When Marilyn Townsend learned that Truman Medical Center, her best hospital customer in Kansas City, Mo., had signed on with group purchasing giant Novation last year, she feared the consequences for her small but feisty minority-owned distribution company.
She had been through this before. Controlled Environment Products, of which Townsend has owned a 51% stake since its founding in 1990, once distributed a host of medical-surgical products to another area hospital, University of Kansas Medical Center. That all changed in 1998 when the 433-bed Kansas City hospital joined national healthcare alliance University HealthSystem Consortium.
Earlier that same year, UHC had founded Novation along with VHA, making Novation the purchasing manager for 6,600 healthcare organizations, including the members and affiliates of VHA and UHC.
As a small distributor with only 10 full-time employees and no history with Irving, Texas-based Novation, Townsend was effectively shut out from doing any more business with the University of Kansas Medical Center.
"Essentially, that was that," Townsend says. "I understand Novation and UHC offered a great savings, but it restricted who could bring you that distribution. It was impossible to compete against national distributors like Allegiance." Allegiance Corp. is a McGaw Park, Ill.-based subsidiary of Cardinal Health.
So Townsend understandably assumed her business would take another hit a year later when Truman signed on with Novation, even though Controlled Environment had been doing business with the two campuses of the 517-bed medical center since 1992.
"There are only single-digit profit margins (in the distribution business)," Townsend says. "Monetarily, (the loss of one hospital) isn't hundreds of thousands of dollars, but it's a loss of presence in the marketplace, and that can be just as devastating."
But the negative outlook quickly turned bright thanks to the convergence of a motivated director of materials management at Truman named Greg Smith and Novation's launch of its Historically Underutilized Business program (HUB), which gives small minority-owned companies like Controlled Environment the chance to compete with big national outfits.
Townsend's experience would seem to indicate that integrating minority-owned businesses into the supply chain is simply a matter of having people with power willing to do so.
As fashioned by the HUB program, Controlled Environment has a three-way agreement with both Novation and Truman. The contract in essence allows Truman to buy through Controlled Environment at the Novation-contracted price with suppliers. That gives Townsend and her company a calling card when she knocks on other Novation members' doors, though it's ultimately up to the hospitals to decide whether to give her their business.
Truman had a longstanding commitment to using minority- and women-owned businesses even before Novation entered the picture, Smith says, but as far as encouraging suppliers to use a specific minority-owned distributor, it's pretty much up to him.
"One of the most effective ways (to encourage suppliers to use minority-owned distributors) is to intercede between the manufacturer and distributor and tell the manufacturer, `If you want me to use you, you have to set up a viable minority- or women-owned business that can bid on it,' " Smith says. "You have to play hardball."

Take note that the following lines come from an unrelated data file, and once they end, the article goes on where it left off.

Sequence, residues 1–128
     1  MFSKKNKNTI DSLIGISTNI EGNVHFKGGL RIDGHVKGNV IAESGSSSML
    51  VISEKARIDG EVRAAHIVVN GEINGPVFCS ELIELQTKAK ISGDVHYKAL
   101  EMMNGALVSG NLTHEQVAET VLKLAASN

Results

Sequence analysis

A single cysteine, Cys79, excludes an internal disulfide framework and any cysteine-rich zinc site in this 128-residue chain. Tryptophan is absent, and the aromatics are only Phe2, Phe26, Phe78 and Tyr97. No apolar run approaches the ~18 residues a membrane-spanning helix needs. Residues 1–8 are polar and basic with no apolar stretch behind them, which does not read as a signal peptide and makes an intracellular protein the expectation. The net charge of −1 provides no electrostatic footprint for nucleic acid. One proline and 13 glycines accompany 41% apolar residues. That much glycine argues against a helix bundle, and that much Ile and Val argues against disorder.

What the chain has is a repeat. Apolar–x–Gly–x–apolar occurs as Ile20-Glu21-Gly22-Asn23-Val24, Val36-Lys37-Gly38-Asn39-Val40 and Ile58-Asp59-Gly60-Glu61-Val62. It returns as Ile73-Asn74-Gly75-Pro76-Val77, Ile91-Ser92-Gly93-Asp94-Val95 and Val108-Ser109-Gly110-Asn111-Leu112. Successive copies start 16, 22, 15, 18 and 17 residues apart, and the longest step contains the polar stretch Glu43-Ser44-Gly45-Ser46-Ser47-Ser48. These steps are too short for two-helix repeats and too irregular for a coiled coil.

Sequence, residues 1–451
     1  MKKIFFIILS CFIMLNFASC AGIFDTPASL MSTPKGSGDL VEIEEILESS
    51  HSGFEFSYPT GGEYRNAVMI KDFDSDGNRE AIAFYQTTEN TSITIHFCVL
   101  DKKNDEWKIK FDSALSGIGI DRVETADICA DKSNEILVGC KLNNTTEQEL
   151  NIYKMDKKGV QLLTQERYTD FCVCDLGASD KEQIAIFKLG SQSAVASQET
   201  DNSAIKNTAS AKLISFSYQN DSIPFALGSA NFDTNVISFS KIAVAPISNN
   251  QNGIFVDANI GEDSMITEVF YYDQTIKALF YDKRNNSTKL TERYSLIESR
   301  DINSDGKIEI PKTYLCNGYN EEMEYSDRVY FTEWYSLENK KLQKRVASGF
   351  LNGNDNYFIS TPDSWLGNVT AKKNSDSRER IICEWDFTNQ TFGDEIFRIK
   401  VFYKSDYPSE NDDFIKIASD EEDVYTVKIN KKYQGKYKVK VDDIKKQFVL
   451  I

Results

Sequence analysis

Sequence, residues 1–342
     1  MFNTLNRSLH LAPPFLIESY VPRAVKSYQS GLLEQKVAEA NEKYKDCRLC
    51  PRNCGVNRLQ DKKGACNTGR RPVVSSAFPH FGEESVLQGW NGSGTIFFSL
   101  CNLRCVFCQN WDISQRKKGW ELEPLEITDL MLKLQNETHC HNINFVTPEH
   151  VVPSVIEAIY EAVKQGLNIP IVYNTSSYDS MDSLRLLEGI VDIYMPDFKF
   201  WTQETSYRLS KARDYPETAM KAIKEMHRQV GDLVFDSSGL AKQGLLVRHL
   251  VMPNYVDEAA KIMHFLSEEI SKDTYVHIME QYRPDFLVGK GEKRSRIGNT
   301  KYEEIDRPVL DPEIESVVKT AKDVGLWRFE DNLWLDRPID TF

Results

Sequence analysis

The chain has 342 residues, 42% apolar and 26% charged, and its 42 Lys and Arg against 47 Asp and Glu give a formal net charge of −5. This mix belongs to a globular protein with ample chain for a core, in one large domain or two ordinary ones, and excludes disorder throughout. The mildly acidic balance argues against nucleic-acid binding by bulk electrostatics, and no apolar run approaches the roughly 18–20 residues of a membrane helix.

Smith says he gave prospective GPOs the same ultimatum, only he didn't have to do much arm-twisting with Novation. Because of the HUB program, the time was ripe. Novation not only eagerly asked him to identify a HUB distributor, the company invited Smith to sit on its HUB council, he says.
Smith subsequently told Novation he wanted Controlled Environment to be Truman's secondary distributor, which gave Townsend's company access to a lot of Novation agreements with suppliers it didn't have before, he says.
As a result, Controlled Environment's volume of business with Truman has increased by 40% in eight months and should nearly triple by year-end, growing from $300,000 worth of distributed medical supplies annually to more than $800,000, Townsend says.
And because it can tap into Novation-negotiated contracts, Controlled Environment's product line has increased by about 12 new items. Now in addition to items such as plastic can liners, surgical tapes and electrodes that it sold before, Controlled Environment is distributing Becton Dickinson & Co. needles, syringes and catheters; respiratory products; and personal patient-care items.
In addition, the Novation stamp-of-approval has opened doors to other Novation hospital members in the Kansas City area. Townsend is even rekindling a relationship with her old customers at the University of Kansas Medical Center.
Controlled Environment is one of a dozen minority- and women-owned companies that have agreements with Novation since the HUB program was inaugurated in late 1999, says program director Traci Kirchenbauer.
To date, Novation's members and affiliates have purchased $1.7 million worth of supplies from minority- and women-owned businesses, according to Kirchenbauer. That's small potatoes compared with the $14 billion in annual purchases the GPO manages, but the goal is to eventually reach the point where 15% of member purchases are flowing through HUB businesses, she says.
Once the playing field is leveled in this way, Townsend says that Controlled Environment can compete with the brawniest of companies.
"We're a good business first," Townsend says. "I don't think (the HUB program) has given me anything other than an opportunity. If I didn't deliver, and I couldn't compete, the fact that I'm female and African-American wouldn't get me a hill of beans."